- The Washington Times - Tuesday, May 15, 2001

Movie 'reality
"There is a remarkable line in the movie 'E.T. the Extra-Terrestrial that demonstrates how reality breaks down within the medium of film. The hero, a boy named Elliott, discovers an alien life form in his shed. Toward the end of the movie, he and a few of his brothers friends try to help E.T. rendezvous with his landing party so he can return home. At one point a boy named Greg says, 'Well, cant he just beam up? To this, Elliott gives the snide reply, 'This is reality, Greg.
"The reference to 'beam up plays on a well-known means of transportation in the 'Star Trek television series and movies. Everyone in the 'E.T. world knows exactly what Greg means. The question is perfectly rational given the context of the movie and the nature of sci-fi films. …
"Elliotts reference to reality suddenly throws him into the audience as one who knows the difference between 'Star Trek fiction and real-life nonfiction. In doing so, it makes the viewers lose their sense of boundaries; where does the movie leave off and reality begin? …
"The myths that supported the 'E.T. plot were borrowed from other movies, yet they were myths so prevalent within culture that moviegoers bought the plot enough to shed tears over the dying puppet."
— Chuck Smith Jr., from his new book, "The End of the World As We Know It"


Fanning the flames
"The battle over the nomination of former Missouri Sen. John Ashcroft to be attorney general ranked among the nastiest political fights in recent memory. … People for the American Way unveiled a dedicated nationwide advertising campaign to warn senators about the consequences of voting to confirm their former colleague. More interesting for private philanthropy is the fact that some of the wealthiest and most prominent private foundations in the country underwrote the entrenched interests that were gunning for Ashcroft. …
"For example, during the Ashcroft campaign, the People for the American Way Foundations Web site, 'Right Wing Watch Online — funded by money from private foundations — declared that George W. Bushs campaign promise to be 'a uniter, not a divider was being 'drowned out by his decision to nominate an ultra-conservative and favorite son of the Religious Right to the position of attorney general. …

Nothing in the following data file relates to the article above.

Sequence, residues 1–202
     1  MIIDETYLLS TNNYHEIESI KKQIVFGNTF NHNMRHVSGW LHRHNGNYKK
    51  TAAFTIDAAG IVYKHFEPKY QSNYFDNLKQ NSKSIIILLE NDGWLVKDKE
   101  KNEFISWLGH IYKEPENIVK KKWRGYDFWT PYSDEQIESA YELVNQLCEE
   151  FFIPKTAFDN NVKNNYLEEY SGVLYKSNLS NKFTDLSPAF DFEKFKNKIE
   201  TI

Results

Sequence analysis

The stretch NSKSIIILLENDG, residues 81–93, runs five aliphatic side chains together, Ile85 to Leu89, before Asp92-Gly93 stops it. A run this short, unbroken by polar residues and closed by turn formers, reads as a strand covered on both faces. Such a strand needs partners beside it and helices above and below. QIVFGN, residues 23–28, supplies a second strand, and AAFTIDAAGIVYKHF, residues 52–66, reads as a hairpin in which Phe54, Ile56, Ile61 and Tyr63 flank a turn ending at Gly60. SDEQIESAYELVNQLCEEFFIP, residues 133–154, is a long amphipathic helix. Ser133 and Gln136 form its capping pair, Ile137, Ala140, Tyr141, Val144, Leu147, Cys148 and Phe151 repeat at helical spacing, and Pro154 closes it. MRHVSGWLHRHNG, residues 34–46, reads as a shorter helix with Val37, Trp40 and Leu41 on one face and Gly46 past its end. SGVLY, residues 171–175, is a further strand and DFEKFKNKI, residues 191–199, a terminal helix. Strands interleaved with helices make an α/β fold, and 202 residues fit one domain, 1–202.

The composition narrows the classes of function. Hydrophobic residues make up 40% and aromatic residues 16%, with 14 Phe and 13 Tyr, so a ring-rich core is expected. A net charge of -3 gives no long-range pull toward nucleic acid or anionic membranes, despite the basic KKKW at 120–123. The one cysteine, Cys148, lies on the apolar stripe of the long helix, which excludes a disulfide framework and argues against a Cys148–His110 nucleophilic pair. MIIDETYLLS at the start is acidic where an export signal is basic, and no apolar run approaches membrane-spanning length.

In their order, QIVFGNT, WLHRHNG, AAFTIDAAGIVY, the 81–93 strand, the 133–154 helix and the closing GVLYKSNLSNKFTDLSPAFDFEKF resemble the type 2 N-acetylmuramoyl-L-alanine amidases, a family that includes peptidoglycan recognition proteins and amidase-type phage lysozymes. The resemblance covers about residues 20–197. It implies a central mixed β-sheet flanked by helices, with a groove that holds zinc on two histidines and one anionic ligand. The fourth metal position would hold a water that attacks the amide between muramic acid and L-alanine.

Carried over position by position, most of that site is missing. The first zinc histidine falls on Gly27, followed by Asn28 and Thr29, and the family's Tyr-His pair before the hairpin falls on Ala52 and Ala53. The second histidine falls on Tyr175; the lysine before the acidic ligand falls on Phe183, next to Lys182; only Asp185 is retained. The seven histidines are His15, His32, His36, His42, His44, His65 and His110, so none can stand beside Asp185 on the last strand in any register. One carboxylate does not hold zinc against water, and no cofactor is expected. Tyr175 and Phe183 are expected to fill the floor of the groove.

"What do the foundations that fund PFAW think about the possibility that their money may have been used either on anti-Ashcroft activities or to free up other monies to oppose the former Missouri senator? Most want to avoid the question entirely. 'I have no idea, says a spokesman for the Packard Foundation. … 'I dont know if it relates to that at all. I cant comment on that."
— Evan Gahr, writing on "Ashcroft and Advocacy," in the March/April issue of Philanthropy


Bugs Bunny, bigot?
"The cable-TV Cartoon Network had a great idea: a retrospective featuring every Bugs Bunny cartoon ever made. Then they started looking at some of the older episodes and the carrots hit the Cuisinart. In one, Bugs parodies a black-faced Al Jolson; in another, he refers to a buck-toothed Eskimo as 'big baboon. Whats up, doc? The dander of Americas numerous and powerful 'victim groups, thats what, if this kind of thing were to be aired in public. Scrambling for cover, the network devised a plan to show the offending episodes late at night, with prominent disclaimers noting that these stereotypes were representative of their time. However, Warner Brothers, which owns the jaunty rabbit, did not have that much faith in the ability of American adults to act like, well, adults. The retrospective will go ahead, but it will no longer be complete. There are some things just too shocking, too outrageous for modern sensibilities — among them, apparently, the antics of a cartoon rabbit."
— from "The Week," in the May 28 issue of National Review


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